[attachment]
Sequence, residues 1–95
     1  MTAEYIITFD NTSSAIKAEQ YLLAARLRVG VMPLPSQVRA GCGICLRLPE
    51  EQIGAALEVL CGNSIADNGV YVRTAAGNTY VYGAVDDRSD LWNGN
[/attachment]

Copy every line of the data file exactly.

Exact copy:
Sequence, residues 1–95
     1  MTAEYIITFD NTSSAIKAEQ YLLAARLRVG VMPLPSQVRA GCGICLRLPE
    51  EQIGAALEVL CGNSIADNGV YVRTAAGNTY VYGAVDDRSD LWNGN